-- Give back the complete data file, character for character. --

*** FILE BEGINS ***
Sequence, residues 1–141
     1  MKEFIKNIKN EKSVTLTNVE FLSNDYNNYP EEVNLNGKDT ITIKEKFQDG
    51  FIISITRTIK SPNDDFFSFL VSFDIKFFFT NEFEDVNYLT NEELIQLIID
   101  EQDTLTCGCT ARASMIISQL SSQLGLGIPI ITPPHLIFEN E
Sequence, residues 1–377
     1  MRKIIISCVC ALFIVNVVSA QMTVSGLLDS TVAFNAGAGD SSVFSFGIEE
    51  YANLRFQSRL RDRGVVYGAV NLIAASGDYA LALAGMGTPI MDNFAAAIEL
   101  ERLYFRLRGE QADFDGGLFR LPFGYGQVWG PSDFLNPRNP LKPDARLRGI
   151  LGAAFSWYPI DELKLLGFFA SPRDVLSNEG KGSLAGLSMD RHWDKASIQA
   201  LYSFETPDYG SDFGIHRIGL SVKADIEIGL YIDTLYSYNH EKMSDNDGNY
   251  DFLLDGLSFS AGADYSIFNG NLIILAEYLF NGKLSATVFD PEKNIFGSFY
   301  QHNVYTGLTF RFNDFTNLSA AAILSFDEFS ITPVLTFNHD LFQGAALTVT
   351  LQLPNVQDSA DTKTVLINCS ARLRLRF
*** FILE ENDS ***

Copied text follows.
Sequence, residues 1–141
     1  MKEFIKNIKN EKSVTLTNVE FLSNDYNNYP EEVNLNGKDT ITIKEKFQDG
    51  FIISITRTIK SPNDDFFSFL VSFDIKFFFT NEFEDVNYLT NEELIQLIID
   101  EQDTLTCGCT ARASMIISQL SSQLGLGIPI ITPPHLIFEN E
Sequence, residues 1–377
     1  MRKIIISCVC ALFIVNVVSA QMTVSGLLDS TVAFNAGAGD SSVFSFGIEE
    51  YANLRFQSRL RDRGVVYGAV NLIAASGDYA LALAGMGTPI MDNFAAAIEL
   101  ERLYFRLRGE QADFDGGLFR LPFGYGQVWG PSDFLNPRNP LKPDARLRGI
   151  LGAAFSWYPI DELKLLGFFA SPRDVLSNEG KGSLAGLSMD RHWDKASIQA
   201  LYSFETPDYG SDFGIHRIGL SVKADIEIGL YIDTLYSYNH EKMSDNDGNY
   251  DFLLDGLSFS AGADYSIFNG NLIILAEYLF NGKLSATVFD PEKNIFGSFY
   301  QHNVYTGLTF RFNDFTNLSA AAILSFDEFS ITPVLTFNHD LFQGAALTVT
   351  LQLPNVQDSA DTKTVLINCS ARLRLRF